Board Proposes Code Change To Free Up Parking

Long Islander News photo/Carrie Parker The Ice House apartment building, pictured above, a mixed-use building with 26 apartment, opened last year on Gerard Street after developer Peter Pastorelli went before the town zoning board for a parking variance.

Long Islander News photo/Carrie Parker
The Ice House apartment building, pictured above, a mixed-use building with 26 apartment, opened last year on Gerard Street after developer Peter Pastorelli went before the town zoning board for a parking variance.

By Jano Tantongco
jtantongco@longislandergroup.com

A code change proposed by the Huntington Town Board seeks to free up parking in downtown areas by requiring developers to supply their own parking spaces for apartment units they build as part of mixed-use buildings in commercial zones.

The proposal, penned by councilwomen Susan Berland and Tracey Edwards, would make it so developers have to supply parking for the residential component of their project either onsite, or alternatively, at a private lot within 1,500 feet. Developers would have to provide one parking space per apartment unit — down from the current requirement of one and a half.

Parking requirements for the commercial portion of the building would not change, and developers would still have the option of going before the zoning board for a variance to use a nearby municipal parking lot to meet requirements.

Under current law, developers can also get a parking variance to meet parking requirements for apartment units.

Huntington Chamber of Commerce Chairman Bob Scheiner said he supports the proposal as it would likely slow requests to the zoning board for parking variances.

“Using the same parking spaces over and over has created a problem,” he said.

The Huntington Town Board is scheduled to hold a public hearing on the change on April 4, 2 p.m. at town hall.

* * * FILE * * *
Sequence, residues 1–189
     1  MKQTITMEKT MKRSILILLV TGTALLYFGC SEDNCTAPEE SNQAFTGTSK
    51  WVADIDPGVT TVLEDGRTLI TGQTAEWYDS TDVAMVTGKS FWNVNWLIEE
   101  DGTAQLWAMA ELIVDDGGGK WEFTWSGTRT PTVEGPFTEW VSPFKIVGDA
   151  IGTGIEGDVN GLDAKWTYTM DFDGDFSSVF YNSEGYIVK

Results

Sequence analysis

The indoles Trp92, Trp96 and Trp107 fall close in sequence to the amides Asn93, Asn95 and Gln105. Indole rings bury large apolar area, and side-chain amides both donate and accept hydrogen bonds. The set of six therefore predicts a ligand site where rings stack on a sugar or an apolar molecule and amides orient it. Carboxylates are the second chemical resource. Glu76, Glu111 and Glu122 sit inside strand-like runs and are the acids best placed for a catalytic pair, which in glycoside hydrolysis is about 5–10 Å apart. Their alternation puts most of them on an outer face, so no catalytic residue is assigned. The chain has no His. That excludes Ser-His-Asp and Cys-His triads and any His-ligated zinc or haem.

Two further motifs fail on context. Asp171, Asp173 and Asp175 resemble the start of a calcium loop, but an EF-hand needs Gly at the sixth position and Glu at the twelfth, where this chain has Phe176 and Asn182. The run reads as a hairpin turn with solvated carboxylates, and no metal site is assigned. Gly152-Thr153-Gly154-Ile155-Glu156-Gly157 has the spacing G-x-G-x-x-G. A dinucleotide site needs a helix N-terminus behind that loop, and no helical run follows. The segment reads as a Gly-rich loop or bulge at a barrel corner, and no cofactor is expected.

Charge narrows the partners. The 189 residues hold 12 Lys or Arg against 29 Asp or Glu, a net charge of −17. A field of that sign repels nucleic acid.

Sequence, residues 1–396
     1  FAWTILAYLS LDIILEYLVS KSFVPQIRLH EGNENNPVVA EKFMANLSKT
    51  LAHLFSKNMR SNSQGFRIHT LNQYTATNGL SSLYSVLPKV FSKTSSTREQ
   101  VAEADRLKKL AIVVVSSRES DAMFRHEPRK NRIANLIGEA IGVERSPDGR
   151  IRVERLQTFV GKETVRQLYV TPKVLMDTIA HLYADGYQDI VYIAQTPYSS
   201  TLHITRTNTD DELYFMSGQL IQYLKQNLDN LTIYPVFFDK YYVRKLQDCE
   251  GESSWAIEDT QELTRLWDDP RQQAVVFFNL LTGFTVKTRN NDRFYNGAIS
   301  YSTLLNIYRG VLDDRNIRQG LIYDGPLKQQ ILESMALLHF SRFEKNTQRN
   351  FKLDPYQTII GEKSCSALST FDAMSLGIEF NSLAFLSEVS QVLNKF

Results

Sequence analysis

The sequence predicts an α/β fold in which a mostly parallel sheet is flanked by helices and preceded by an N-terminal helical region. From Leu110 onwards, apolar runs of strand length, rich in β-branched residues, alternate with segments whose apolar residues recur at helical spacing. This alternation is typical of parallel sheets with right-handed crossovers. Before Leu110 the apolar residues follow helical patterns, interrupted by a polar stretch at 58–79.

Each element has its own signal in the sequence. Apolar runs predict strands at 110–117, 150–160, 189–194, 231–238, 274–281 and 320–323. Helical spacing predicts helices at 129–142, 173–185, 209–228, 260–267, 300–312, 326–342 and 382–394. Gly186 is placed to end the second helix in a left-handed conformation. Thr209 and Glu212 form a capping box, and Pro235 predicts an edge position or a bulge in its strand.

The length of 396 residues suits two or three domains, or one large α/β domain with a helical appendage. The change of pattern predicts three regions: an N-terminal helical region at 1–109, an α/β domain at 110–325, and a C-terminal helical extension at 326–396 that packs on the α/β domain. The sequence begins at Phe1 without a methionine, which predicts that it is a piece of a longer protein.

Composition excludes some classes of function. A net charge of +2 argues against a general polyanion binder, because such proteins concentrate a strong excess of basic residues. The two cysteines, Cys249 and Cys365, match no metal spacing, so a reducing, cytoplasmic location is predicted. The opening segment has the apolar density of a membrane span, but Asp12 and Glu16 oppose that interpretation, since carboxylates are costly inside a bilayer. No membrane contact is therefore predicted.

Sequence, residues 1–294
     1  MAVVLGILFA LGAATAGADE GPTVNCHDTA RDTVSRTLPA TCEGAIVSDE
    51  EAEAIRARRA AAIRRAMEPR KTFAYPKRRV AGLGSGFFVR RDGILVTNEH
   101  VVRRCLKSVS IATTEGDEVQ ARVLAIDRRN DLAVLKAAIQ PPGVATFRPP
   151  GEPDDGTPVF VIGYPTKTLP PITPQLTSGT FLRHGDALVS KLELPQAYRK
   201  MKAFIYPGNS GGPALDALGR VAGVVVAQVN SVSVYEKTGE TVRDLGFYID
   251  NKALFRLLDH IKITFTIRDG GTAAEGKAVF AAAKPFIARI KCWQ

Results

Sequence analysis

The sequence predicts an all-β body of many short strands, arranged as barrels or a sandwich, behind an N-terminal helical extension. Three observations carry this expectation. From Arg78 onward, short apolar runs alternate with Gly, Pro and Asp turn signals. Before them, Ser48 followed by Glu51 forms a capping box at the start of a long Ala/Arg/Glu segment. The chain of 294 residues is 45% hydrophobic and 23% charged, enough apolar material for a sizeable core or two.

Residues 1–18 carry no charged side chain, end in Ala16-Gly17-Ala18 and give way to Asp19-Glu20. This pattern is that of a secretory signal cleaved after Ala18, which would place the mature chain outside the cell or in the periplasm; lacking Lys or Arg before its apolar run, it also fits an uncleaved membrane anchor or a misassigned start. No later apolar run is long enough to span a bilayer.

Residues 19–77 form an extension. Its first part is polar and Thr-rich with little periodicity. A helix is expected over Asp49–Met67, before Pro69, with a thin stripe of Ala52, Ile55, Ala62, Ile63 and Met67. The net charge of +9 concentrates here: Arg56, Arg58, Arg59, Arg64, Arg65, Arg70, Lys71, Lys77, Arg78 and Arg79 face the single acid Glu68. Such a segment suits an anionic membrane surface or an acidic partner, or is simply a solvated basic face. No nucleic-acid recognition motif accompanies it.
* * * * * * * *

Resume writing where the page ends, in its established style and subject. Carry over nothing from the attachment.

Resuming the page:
Berland said in a news release that the resolution is intended to “address the increased demand on parking associated with new residential development of apartments over stores in” commercial zones.

The resolution adds that apartment residents who “park for long periods of time,” including overnight, have played a part in the lack of parking in hamlet centers and negatively impacted “the ability of small business owners to draw patrons.”

Edwards acknowledged that this would not be a total fix to the parking problem.

“Ultimately, we need a parking garage and we are all working together to come up with the best way to pay for it,” Edwards said in the news release. “In the meantime, this amendment will ensure that any new development has the required parking for residential use.”

When asked for comment in addition to the news release, Edwards deferred to Berland. When asked for additional comment, Berland declined through Jason Zove, her legislative aide.

Peter Pastorelli, founder of Value Drugs and managing partner of the Icehouse Apartments — a mixed-use building with 26 apartments he recently built and opened in Huntington village — also pointed out that the village needs a parking garage.

Pastorelli described the parking issue as “very complex” and said he supports creation of a parking district. A parking district has previously been pitched by town officials as a means of creating a funding mechanism for creation of more spaces.

Pastorelli, who received a variance to meet parking requirements for the Ice House and other developments in the village, worried Berland’s and Edwards’ proposal may inhibit residential development, which he said contributes to making the village “viable.” He said that those residents shop locally, often on foot, balancing out parking concerns.

“The way to make a village prosper is figure out ways to increase the capacity of parking, not to figure ways of not having people live or open businesses in the village,” Pastorelli said. “It doesn’t fall on one particular thing.”